Nitrogen-Potassium Fertilization and Soil Moisture Effects on Growth and Development of Drip-Irrigated Sugarcane1
- K. T. Ingram and
- H. W. Hilton2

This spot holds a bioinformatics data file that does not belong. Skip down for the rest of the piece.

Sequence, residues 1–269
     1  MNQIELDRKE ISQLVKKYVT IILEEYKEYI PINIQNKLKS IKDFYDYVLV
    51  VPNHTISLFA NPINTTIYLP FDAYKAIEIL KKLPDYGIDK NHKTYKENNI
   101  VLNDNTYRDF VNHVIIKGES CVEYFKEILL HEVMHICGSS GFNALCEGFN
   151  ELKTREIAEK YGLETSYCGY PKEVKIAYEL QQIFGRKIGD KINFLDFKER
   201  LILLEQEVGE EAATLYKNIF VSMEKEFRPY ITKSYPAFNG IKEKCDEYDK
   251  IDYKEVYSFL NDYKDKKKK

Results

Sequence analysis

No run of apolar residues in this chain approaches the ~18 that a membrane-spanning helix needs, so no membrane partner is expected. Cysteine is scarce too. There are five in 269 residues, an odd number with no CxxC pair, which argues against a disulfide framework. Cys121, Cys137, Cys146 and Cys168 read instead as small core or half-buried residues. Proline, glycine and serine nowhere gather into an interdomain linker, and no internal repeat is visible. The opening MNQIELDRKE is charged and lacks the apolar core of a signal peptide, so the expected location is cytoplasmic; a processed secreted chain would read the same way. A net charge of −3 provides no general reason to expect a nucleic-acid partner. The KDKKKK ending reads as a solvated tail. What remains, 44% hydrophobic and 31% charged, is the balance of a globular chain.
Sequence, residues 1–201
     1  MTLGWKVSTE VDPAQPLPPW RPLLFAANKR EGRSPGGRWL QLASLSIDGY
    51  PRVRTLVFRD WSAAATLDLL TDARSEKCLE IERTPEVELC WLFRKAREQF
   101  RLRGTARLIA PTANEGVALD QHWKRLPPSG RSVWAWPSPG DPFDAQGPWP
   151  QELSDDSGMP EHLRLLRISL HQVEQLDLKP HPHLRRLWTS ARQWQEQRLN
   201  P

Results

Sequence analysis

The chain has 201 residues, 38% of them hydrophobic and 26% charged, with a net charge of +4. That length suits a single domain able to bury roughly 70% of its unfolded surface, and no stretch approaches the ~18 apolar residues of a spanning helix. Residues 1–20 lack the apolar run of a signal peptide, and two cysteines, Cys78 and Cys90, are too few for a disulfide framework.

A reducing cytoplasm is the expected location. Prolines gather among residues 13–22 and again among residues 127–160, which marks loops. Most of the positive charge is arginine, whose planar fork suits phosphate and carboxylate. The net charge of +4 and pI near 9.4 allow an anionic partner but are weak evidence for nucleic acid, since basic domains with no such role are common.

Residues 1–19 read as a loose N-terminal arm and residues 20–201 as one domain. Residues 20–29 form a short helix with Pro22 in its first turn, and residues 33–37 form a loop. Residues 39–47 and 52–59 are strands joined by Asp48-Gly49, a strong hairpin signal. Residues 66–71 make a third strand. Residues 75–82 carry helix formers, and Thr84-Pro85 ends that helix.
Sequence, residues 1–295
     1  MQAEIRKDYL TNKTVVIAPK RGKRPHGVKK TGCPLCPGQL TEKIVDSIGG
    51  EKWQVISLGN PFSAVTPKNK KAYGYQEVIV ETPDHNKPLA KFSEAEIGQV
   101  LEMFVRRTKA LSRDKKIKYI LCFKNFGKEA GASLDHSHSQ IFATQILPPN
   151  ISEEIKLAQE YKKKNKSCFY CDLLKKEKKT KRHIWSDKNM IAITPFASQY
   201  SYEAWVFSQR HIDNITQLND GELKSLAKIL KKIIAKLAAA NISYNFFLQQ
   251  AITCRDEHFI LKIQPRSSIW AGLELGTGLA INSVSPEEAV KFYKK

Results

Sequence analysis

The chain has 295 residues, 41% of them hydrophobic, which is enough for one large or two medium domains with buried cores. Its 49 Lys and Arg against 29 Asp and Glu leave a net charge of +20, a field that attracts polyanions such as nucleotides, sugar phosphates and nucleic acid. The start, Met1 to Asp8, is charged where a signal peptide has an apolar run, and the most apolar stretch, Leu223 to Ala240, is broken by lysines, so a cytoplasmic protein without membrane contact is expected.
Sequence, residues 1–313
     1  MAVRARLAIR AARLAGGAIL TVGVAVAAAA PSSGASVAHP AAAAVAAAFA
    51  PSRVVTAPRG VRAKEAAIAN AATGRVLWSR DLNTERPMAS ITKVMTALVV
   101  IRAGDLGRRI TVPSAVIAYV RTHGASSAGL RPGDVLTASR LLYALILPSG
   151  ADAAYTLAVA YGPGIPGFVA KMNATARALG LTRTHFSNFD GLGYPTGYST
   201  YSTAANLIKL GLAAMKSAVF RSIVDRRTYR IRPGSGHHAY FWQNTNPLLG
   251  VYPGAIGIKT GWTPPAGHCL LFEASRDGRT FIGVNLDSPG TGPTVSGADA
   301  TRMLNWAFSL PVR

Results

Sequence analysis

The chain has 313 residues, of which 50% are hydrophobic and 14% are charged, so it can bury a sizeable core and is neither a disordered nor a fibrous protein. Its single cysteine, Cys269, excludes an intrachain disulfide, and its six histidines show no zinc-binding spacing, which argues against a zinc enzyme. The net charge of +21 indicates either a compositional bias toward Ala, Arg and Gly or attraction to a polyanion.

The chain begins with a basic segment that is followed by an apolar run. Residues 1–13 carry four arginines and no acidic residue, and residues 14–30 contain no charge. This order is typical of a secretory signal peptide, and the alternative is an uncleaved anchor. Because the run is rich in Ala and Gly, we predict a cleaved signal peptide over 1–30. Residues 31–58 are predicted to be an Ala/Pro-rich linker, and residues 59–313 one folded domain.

Because of the lack of N-K balance in previous experiments and because of the relatively new development of drip irrigation, field research was conducted to determine the effects of N-K fertilization and soil moisture on the growth and development of drip-irrigated sugarcane (Saccharum spp. hybrids). Two levels of N-K fertilization, 575-551 and 225-217 kg ha−1, were applied in factorial combination with three soil moisture regimes: (i) maintaining soil moisture tension between 10 and 20 kPa through frequent irrigation (designated 10-20); (ii) maintaining soil moisture tension between 30 and 40 kPa through frequent irrigation (30-40); and (iii) alternately allowing soil to dry to 80 kPa tension then irrigating to wet soil to 10 kPa (10-80). Thus, there were six treatment combinations. The soil was a Molokai silty clay loam (Typic Torrox). Stalk population was 16% greater (P<0.05) in high than low N-K treatments, whereas there was no significant effect of irrigation treatment on stalk population. In samples taken from 200 to 250 days after planting, leaf area index was about 30% greater in the 575-551 than 225-217 kg N-K ha−1 treatments (P<O.OO1). Soil moisture was directly related to number of green leaves per stalk and inversely related to number of chlorotic leaves per stalk. Respective cane and crop growth (dry matter assimilation) rates were 25 and 24% higher in treatments receiving 575-551 than 225-217 kg N-K ha−1 (P<O.O1). Cane and crop growth rates were 27 and 23% greater for the 10-20 than 30-40 and 10-80 soil moisture treatments, with no significant difference between growth rates of the 30-40 and 10-80 soil moisture regimes. Based on sugar yields, N-K fertilizer use efficiency was greatest for the 10-20 soil moisture treatments and water use efficiency was greatest for the 575-551 kg N-K ha−1 treatments. Thus, we conclude that N-K and soil moisture inputs should be balanced and at high levels to maximize production and the efficient use of inputs. Furthermore, these results support the management practices of frequent fertilization and irrigation which have been adopted by many growers of drip-irrigated sugarcane.Please view the pdf by using the Full Text (PDF) link under 'View' to the left.
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